It was evening time and after my reflexology session, I went and bought some dates and some raspberry leaf tea. I hadn’t been drinking any RL tea at all, and decided that it was probably time that I did! I went home, had something to eat for dinner, and settled down to relax. It being Thursday I was looking forward to watching The Good Wife and Nashville on More4. (Ah the luxury of watching some TV – that now seems a distant past!). I seem to remember devouring the whole packet of dates, or at least close on.
I was feeling well, just tired. I had had some dull period-like pain off and on during the week, but nothing more than that. I wasn’t feeling anything that was making me think that I was going into labour properly. So, off I went to bed around 11pm, looking forward to a good night’s sleep.
I had moved into the spare room a few weeks prior, and my little boy who was 2 liked to keep me company and sleep beside me. I fell asleep with my Gentlebirth tracks playing in my iPod. Lady slumber opened her arms wide into which I fell easily and quickly.
During the night I remember turning over in bed and feeling that it was really cumbersome. My bump felt extremely low and heavy. Shortly after, I awoke to go to the bathroom. I reckon it was about 3am – I can’t be sure as there was no clock in the room. On going to the toilet, I had a bowel movement which I thought was a bit strange for the middle of the night, but didn’t think too much of it. I was tired and went straight back to sleep.
A few hours later I woke up again to go to the bathroom. Once more, I had a bowel movement, however this time it was looser. On standing up, I felt a dragging wave-like sensation in my womb, and it felt like a dull period pain. I still wasn’t sure that this was definitely the start of the great things that were to follow! I started walking around for perhaps 5 minutes, and felt the need to go to the loo again. On standing, there were more wave-like sensations. I went into the room where my husband was sleeping to see the clock. It read 6.10am. I went back out to the hall to switch on the immersion, just in case, as we had a birthing pool ready and waiting to be filled downstairs. My husband, John, had a meeting arranged in Portlaoise that day for 10am, and I naively was thinking that if this actually was the start of proper labour, he could go to the meeting and be back in time for when things were really happening!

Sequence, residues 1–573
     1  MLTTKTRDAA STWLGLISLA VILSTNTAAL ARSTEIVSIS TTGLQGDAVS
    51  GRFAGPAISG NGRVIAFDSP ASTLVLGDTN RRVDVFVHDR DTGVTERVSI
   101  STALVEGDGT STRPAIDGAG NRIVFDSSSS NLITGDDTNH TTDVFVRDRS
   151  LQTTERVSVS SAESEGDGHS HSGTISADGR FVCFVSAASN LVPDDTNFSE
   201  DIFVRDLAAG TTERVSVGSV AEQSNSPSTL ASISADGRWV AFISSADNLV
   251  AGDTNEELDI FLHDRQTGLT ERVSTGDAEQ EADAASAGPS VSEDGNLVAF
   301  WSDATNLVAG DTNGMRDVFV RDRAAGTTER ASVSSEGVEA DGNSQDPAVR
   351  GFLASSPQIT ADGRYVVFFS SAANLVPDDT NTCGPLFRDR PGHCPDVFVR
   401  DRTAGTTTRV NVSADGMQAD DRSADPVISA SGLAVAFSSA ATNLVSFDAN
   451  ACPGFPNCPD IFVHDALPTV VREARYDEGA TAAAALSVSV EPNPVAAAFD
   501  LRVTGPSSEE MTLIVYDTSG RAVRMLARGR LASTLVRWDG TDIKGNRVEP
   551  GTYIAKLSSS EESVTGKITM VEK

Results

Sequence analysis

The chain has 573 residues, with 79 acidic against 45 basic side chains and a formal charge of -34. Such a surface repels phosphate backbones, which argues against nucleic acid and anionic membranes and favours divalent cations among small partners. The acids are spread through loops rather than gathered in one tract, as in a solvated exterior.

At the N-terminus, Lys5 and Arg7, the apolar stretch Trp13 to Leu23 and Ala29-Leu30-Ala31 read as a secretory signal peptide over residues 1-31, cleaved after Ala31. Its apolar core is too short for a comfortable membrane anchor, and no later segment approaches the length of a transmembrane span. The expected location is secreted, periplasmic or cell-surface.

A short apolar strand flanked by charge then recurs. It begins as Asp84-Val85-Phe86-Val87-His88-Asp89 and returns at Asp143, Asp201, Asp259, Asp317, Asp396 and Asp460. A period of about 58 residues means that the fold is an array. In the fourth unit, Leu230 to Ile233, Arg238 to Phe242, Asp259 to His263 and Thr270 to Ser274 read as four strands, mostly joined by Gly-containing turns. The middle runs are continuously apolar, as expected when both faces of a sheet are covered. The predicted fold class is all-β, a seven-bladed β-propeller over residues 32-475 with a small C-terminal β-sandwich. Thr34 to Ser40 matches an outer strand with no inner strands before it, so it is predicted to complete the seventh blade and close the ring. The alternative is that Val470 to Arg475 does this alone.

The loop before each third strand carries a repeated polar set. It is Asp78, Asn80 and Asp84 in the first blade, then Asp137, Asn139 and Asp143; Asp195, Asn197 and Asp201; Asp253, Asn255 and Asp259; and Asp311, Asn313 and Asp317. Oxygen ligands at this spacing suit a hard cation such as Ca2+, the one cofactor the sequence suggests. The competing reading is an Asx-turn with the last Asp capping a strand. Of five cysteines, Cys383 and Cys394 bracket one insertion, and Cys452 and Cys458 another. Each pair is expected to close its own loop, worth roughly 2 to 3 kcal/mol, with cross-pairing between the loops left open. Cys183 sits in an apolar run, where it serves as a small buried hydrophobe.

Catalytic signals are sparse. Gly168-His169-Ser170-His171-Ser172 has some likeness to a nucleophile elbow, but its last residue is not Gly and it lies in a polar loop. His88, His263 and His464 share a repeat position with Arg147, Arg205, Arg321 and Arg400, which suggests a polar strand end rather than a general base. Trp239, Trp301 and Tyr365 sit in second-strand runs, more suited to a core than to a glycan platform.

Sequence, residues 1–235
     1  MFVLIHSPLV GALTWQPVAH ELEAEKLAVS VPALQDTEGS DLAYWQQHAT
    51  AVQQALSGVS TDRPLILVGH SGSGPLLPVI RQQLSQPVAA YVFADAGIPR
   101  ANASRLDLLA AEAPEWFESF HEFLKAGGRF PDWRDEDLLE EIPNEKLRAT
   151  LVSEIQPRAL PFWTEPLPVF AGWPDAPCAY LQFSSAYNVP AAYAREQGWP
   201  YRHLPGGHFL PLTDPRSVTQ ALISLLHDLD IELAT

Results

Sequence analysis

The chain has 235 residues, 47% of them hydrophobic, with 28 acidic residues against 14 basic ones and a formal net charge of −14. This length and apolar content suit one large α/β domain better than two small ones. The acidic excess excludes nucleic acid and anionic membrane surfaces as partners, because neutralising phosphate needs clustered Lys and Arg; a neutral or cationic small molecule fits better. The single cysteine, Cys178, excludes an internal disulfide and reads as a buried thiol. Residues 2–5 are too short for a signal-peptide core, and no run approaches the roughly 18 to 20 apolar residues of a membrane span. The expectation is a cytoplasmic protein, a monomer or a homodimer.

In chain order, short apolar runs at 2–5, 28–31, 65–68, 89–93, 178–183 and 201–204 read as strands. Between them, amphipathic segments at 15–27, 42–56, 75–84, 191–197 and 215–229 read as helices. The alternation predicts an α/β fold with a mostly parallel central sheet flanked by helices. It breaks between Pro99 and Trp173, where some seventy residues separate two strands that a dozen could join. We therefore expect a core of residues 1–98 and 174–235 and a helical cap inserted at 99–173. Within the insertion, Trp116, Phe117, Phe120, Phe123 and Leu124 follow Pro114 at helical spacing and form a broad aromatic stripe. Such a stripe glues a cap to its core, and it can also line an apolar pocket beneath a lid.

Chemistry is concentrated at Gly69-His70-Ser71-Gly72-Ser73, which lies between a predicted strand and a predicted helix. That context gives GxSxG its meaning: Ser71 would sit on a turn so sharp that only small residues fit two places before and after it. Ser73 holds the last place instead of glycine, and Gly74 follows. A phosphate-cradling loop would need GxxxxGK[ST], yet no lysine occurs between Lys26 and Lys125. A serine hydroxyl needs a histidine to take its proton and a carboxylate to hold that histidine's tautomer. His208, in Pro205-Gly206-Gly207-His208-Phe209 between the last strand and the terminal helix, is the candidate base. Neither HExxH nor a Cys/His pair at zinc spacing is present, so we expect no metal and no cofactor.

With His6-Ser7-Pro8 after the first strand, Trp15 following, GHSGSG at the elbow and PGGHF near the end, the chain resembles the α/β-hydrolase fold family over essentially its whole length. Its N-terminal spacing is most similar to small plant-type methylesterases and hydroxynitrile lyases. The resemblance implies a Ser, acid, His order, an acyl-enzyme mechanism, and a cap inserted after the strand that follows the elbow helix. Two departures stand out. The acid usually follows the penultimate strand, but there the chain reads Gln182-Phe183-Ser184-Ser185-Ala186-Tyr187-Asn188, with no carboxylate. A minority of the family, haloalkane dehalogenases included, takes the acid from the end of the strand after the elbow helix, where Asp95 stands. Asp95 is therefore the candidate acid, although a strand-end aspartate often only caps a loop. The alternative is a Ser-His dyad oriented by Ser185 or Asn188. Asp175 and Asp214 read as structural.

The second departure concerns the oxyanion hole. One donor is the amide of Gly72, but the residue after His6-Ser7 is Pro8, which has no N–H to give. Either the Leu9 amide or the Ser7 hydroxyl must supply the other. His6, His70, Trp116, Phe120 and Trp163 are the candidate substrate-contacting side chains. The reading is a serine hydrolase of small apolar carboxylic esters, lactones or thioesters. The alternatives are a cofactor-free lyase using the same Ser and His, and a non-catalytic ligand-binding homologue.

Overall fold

John awoke when he heard me in the room again and asked if I was ok. I said that I was but told him I thought things were starting. (I had noticed my breathing changing with the sensations that I was feeling, and realised I was using what I call my labour breath – really long slow deep breaths in and out through my nose, reaching down into my belly.) John suggested phoning Colette, but remembering how she had said to give it about an hour after things starting before calling her, I said I’d prefer to wait. “But Lisa, you can’t talk through these!”, “Oh yeah, you’re right – call her!!” That was 6.21am.
John gave Colette an overview of what was happening, and she asked to speak to me. Hearing my breathing and realising that I couldn’t speak during the surges, needing to focus inwards, she said that she was on her way. We live in Drogheda, and Colette lives in Whitehall, so without traffic, the journey would only take about 35 minutes.